Bio-protection in the pre-fermentative stage of winemaking

by | Oct 30, 2022 | South Africa Wine Scan

Bio-protection in winemaking is no longer just a buzzword; it is a reality. Many winemakers worldwide have started experimenting with the available commercial products, and can testify to their success.

Bio-protection is well-established in the food industry, with various microbes commercially available. In the wine industry, many microbes are under investigation, and some have already been commercialised to reduce or replace the use of sulphur dioxide. It should be noted that bio-protection is also an active area of research in viticulture, focusing specifically on the inhibition of fungal diseases.

The concept of bio-protection is to use ‘good’ microbes or Bio Protective Cultures (BPCs) to prevent, inhibit or kill the ‘bad’ microbes and thereby prevent wine spoilage in a more ‘natural’ way than using chemical additives.


Passive and active competition strategies

Bio-protective yeasts and bacteria have antagonistic mechanisms ensuring their success as BPCs. These competition strategies, as they are also known, can be passive or active. Examples of passive strategies are fast nutrient uptake, high growth rate, short lag phase, biofilm formation and the production of pulcherrimic acid. Examples of active strategies include the production of ethanol, SO2, toxic compounds, antimicrobial peptides and lytic enzymes.


Bio-protective yeasts

The most well-known and utilised BPC is commercially produced and inoculated Saccharomyces cerevisiae due to its profound dominance (because of its passive and active competition strategies) over uninoculated non-Saccharomyces yeasts and wine bacteria; the good, the bad and the ugly.

However, the growth of ‘good’ non-Saccharomyces yeasts is often desired since they can have various positive impacts on wine quality, even though they only exhibit active growth or metabolism during the first parts of fermentation. These positive impacts include a reduction of alcohol content, an increase of glycerol content, a release of mannoproteins and polysaccharides, the production of fruity esters, thiols and terpenes and an increase in titratable acidity. The use of high concentrations of SO2 can also suppress the proliferation and contribution of non-Saccharomyces yeasts.

Enter the non-Saccharomyces BPCs. These bio-protective non-Saccharomyces yeasts can be inoculated into grape juice to reduce, delay or replace the use of SO2. They suppress the proliferation of the ‘bad’ non-Sacch yeasts whilst allowing the growth or metabolism of the ‘good guys’.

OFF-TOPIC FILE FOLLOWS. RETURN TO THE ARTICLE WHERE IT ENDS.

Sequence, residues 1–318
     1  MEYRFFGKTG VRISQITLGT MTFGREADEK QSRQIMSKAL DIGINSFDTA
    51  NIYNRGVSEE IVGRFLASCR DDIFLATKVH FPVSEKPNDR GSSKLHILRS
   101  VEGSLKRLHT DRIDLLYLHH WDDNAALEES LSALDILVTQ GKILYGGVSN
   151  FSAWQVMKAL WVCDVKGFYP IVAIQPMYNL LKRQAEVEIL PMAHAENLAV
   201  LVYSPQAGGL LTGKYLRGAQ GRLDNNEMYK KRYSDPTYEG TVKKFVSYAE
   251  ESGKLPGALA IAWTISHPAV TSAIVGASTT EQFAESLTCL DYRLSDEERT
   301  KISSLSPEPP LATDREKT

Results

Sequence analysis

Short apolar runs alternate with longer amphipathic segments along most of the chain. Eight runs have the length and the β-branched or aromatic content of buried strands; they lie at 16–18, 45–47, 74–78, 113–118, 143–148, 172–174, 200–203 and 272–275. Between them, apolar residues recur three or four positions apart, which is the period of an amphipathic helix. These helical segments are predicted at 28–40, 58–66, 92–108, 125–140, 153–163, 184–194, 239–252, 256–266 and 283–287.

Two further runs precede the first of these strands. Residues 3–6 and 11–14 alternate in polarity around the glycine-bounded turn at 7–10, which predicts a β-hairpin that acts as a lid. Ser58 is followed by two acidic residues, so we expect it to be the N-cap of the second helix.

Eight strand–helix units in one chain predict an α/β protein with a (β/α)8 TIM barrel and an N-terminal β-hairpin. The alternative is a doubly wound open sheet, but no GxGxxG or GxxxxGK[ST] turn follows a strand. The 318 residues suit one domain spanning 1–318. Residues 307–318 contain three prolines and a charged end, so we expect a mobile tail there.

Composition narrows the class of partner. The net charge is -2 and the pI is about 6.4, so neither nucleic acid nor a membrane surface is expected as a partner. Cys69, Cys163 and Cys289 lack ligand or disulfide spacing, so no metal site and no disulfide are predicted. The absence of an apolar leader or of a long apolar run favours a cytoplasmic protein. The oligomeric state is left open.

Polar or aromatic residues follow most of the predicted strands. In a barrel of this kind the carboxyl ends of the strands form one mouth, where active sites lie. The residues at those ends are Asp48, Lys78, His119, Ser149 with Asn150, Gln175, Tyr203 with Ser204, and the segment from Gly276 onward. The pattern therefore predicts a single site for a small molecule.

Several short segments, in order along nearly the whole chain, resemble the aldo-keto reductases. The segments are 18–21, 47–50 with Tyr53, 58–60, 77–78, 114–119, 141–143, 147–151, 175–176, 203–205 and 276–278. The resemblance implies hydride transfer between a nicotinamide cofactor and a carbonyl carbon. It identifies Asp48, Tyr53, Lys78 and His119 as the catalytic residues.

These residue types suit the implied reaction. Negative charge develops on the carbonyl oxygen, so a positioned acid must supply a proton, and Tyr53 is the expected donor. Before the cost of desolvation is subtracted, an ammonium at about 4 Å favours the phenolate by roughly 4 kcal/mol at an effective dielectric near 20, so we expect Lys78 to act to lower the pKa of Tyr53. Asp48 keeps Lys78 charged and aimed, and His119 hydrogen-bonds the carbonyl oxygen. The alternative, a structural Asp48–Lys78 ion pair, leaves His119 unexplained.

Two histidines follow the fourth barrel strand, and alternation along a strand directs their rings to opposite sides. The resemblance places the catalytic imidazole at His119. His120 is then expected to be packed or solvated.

Commercial products

Non-Saccharomyces wine yeasts already commercialised for this purpose include Zymaflore Égide (Torulaspora delbrueckii and Metschnikowia pulcherrima), Zymaflore Khio (Metschnikowia pulcherrima), LEVEL2 INITIA (Metschnikowia pulcherrima), IOC Gaïa (Metschnikowia fructicola) and Viniflora Prelude (Torulaspora delbrueckii).


Latest study

A recent laboratory scale study investigated the use of Viniflora FrootZen (Pichia kluyveri) and Viniflora NoVA (Lactiplantibacillus plantarum, the fancy new name for Lactobacillus plantarum) as potential BPCs. The researchers studied the efficacy of these two microbes (separately) as BPCs, with and without SO2 additions. They concluded that these two commercial products could form part of a strategy to reduce, not replace, SO2 usage in the pre-fermentative stage, as they have no anti-oxidative activity. Compared to an uninoculated control, the inoculation with either of these two microbes led to the production of wines with lower concentrations of acetic acid and ethyl acetate, compounds that can be damaging to wine quality. Further research is needed to investigate the potential bioprotective abilities of the two microbes under commercial winemaking conditions.


Final thoughts

Winemakers who wish to reduce their use of SO2 to meet consumer expectations must contact their suppliers for more detailed practical information on using the mentioned yeasts and bacterial starter culture. It is possible that other pre-fermentative bio-protection yeasts and bacteria also exist.



Vasileios Englezos, Paola Di Gianvito, Lorenzo Peyer, Simone Giacosa, Susana Río Segade, Nathalia Edwards, Luca Rolle, Kalliopi Rantsiou, Luca Cocolin. Bioprotective effect of Pichia kluyveri and Lactiplantibacillus plantarum in winemaking conditions. Am J Enol Vitic. July 2022: ajev.2022.22008; published ahead of print July 07, 2022;

Paola Di Gianvito, Vasileios Englezos, Kalliopi Rantsiou, Luca Cocolin. Bioprotection strategies in winemaking. International Journal of Food Microbiology, Volume 364, 2022,

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